The worldwide Augustana College experience

Jamaica Blog #2 – The Great Huts

The Great Huts was our second and most adventurous destination. After leaving the resort in Ocho Rios, we traveled east along the coast to Port Antonio on bumpy, winding, hilly and unpredictable roads. Once arriving we were given time to settle in and explore. Amanda and I wandered down to the beach where we found a Rasta named Ray-I. He was standing by the things he made to sell and, ganja in mouth, began telling us that he was glad we were here to join in his love and that Rastafari would never leave us and we will always be protected. Learning more about Rastafarianism was something I was excited for and meeting Rasta Ray-I was a great way to get a little more into that inner circle. We finished the night with our first trip to the bar down the road and dinner at the huts.
Yesterday (Sunday) was my favorite day so far of the trip. After breakfast, Dr. Egan took Isaac, Katie and I to a church up the road. This was another thing that I was interested in learning about because religion is something that I enjoy learning about and it has played a large role in my personal life. It was a tiny church with very few people, but their faith exceeded their numbers greatly. At the beginning of the service, a young women went to the front and was being prayed over. It was difficult to follow, especially without a bulletin, so we were not sure what was going on but it was very powerful to witness the intensity of what was happening. Most interesting to me was when the church leader announced that it was time to pray and everyone began voicing their personal prayers. Not only were the members opening themselves up greatly and showing their faith by doing so, one woman began speaking in tongues which was fascinating to hear. The experience was great overall but unfortunately we needed to leave before the service was over.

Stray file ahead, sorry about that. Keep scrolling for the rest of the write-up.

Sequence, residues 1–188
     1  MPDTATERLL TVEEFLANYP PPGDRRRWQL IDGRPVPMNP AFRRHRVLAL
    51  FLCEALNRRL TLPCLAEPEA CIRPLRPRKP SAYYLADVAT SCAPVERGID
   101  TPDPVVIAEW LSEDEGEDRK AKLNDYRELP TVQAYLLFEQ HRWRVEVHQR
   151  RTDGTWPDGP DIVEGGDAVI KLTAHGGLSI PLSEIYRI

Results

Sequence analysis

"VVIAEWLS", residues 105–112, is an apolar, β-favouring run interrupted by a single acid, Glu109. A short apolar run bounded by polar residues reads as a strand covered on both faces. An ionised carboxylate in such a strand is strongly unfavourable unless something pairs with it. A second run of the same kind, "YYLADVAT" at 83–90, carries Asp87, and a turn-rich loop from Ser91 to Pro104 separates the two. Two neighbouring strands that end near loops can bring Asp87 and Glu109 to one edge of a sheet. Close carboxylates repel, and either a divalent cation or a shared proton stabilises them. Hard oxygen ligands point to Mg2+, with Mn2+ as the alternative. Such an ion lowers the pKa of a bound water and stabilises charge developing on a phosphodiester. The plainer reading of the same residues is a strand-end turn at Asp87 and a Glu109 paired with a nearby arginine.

Soon after church, we took another bumpy, swervy, scary ride to Reach Falls. Upon arrival it was impossible to ignore the indescribable beauty of the falls. We were told we were going on a “tour” so followed a man that worked there. We followed him walking and swimming upstream through brooks/the flowing water going to the waterfall, across rocks, through some trees then into an underwater cave which we had to swim underwater to get out of. After we walked back down but I, as well as many others in the group, decided not to take the stairs and to take a short cut straight off the top of the waterfall. This was an absolutely amazing experience. Since I have four of my sorority sisters on this trip and there are one or two others from every other sorority except one, many of us have experienced the bonding that occurs during pledging. We discussed how the strength of the group made the experience what it was. Not being able to swim, I would not have been able to get through without Tara pulling me through some rough currents, Julia helping me on and off of rocks and everyone else’s cheering and support. We overcame some crazy stuff together and because of that experience the group was able to get a feel for some authentic Jamaican “oneness”.